What can Emiratis expect from the government? Free utilities, health care and education through college. A free house or free land and $19,000 for wedding costs. And for men, a $55,000 annual subsidy. The largesse, say historians, is a remnant of patronage practiced by Bedouin royalty.
What’s a rentier state?
Nations blessed with natural resources—for the UAE, that’s oil—can opt to use the proceeds, or “rent,” to support their populations, says Will Brackett C’11, who wrote a pre-departure paper on the UAE as a “rentier” state. “What happens is that the government provides its people with a high quality of life,” says Brackett, “but in turn people have to relinquish a lot of their political rights. There’s no democracy.”
When the oil runs out
The UAE is busy pursuing new sources of income, including sovereign wealth funds (SWFs). “The gains made by SWFs”—large investment funds owned by the government—“can offer income smoothing for public expenditures while helping diversify their wealth away from oil,” wrote Kyler Robin-son C’10 in his paper on the topic. Worldwide, SWFs are valued today at upwards of $3 trillion; the Abu Dhabi Investment Authority, estimated to be the largest in the world, has assets of more than $6 billion.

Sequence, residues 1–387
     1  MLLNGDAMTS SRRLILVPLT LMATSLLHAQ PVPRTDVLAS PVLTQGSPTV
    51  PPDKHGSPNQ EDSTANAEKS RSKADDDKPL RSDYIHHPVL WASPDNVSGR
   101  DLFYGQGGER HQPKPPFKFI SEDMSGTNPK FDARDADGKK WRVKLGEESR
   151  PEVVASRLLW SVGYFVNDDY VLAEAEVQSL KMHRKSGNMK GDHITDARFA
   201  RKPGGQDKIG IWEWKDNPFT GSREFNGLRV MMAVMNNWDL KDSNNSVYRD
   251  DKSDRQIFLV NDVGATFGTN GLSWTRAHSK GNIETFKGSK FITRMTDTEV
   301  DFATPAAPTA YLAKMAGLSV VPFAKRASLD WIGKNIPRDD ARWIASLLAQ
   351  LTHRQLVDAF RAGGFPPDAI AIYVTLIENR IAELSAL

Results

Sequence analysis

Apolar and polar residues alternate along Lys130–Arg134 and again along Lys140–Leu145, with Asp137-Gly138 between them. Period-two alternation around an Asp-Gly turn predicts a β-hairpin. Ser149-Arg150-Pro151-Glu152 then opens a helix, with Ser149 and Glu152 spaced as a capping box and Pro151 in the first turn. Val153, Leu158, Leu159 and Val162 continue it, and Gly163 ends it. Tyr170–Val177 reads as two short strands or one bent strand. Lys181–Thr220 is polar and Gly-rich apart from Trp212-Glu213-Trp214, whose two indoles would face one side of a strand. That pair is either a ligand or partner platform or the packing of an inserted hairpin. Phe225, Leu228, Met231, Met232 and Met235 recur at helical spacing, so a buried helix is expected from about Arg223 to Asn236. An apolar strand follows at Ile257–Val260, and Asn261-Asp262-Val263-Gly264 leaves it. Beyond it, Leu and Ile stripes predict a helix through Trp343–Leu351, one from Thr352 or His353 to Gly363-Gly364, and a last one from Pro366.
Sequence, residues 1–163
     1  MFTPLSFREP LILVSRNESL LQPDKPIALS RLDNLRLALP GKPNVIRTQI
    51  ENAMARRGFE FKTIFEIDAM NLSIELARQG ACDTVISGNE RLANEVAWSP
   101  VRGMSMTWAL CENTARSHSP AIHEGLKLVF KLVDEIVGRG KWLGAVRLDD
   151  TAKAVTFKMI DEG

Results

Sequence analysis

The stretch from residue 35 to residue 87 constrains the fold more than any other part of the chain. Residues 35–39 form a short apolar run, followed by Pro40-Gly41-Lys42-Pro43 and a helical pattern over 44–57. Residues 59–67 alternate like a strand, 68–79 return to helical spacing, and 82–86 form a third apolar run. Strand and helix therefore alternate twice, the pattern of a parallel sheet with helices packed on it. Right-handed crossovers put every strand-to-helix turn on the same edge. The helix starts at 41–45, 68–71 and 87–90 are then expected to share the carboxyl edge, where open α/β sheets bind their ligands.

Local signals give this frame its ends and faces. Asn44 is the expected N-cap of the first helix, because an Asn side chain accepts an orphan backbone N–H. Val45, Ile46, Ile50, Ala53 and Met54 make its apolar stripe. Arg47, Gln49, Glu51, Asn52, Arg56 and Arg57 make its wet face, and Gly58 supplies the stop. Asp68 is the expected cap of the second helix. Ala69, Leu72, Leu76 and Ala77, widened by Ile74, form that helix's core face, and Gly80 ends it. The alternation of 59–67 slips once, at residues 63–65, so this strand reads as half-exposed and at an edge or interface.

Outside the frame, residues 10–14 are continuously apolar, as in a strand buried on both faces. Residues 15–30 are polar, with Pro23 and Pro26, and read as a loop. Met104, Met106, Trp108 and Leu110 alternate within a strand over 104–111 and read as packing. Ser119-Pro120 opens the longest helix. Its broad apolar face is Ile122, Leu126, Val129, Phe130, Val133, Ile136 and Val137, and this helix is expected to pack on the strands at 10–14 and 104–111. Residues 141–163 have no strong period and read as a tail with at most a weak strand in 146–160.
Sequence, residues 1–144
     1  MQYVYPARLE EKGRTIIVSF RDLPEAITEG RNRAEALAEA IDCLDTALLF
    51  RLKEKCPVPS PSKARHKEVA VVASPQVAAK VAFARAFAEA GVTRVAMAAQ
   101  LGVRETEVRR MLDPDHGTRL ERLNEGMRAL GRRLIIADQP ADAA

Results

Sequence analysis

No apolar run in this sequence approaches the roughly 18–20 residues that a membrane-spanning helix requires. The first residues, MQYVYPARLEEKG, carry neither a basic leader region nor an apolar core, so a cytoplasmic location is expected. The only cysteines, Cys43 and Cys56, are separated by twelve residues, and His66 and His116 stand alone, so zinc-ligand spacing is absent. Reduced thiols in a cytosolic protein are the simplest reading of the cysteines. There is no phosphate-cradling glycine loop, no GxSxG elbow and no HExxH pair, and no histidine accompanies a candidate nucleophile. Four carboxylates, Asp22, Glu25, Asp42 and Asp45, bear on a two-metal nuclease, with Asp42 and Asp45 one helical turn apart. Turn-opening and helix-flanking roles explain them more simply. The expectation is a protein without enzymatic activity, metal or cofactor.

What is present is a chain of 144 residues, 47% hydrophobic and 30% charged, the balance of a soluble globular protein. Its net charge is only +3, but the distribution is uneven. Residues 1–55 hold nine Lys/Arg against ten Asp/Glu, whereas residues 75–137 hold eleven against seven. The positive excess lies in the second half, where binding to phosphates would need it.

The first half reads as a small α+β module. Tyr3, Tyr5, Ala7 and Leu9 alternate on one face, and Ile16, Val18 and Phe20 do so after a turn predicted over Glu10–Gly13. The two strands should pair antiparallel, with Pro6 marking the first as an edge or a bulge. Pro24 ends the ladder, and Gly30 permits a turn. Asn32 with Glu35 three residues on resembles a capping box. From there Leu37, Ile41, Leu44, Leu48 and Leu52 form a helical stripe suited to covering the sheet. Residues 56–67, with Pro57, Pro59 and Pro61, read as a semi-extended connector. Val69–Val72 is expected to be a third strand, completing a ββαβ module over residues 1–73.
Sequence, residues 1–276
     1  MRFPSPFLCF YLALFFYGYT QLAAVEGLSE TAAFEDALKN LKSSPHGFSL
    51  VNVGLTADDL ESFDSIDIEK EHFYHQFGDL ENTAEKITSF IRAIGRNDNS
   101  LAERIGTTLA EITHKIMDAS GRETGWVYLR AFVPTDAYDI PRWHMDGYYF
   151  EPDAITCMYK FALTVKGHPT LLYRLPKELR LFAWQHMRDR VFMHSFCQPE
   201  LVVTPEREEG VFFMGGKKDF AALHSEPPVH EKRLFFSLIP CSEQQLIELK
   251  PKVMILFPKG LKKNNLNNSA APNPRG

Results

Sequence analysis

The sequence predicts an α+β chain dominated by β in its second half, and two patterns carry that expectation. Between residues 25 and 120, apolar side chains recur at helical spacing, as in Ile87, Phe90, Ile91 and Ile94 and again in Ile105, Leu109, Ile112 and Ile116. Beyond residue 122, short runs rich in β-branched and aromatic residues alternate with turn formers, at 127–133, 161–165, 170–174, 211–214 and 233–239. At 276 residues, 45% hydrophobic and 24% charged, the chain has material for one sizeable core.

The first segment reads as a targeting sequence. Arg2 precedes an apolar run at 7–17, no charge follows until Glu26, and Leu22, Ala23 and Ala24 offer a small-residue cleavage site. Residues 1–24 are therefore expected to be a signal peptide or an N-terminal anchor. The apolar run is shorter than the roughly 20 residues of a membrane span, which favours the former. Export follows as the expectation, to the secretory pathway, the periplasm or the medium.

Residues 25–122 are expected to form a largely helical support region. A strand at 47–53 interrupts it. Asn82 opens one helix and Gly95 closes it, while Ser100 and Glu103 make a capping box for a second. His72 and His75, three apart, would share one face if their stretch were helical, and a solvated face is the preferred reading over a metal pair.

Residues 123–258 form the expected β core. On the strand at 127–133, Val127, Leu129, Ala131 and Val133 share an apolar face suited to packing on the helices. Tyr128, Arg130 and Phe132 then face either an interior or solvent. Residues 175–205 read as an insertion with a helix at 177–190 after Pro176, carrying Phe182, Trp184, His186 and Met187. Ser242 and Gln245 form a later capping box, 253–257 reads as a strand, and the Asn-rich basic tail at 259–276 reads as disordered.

What sovereign wealth funds buy
“Whether you look at the Palm projects”—the man-made, palm tree–shaped islands off the shore of Dubai—“or all the amazing hotels, almost everything on a larger-than-life scale in this country seems to have a government hand in it,” says Robinson. “If you follow the trails of ownership and parent companies up the chain, you see that they’re owned either by the government itself, through some sort of authority or through a sovereign wealth fund.”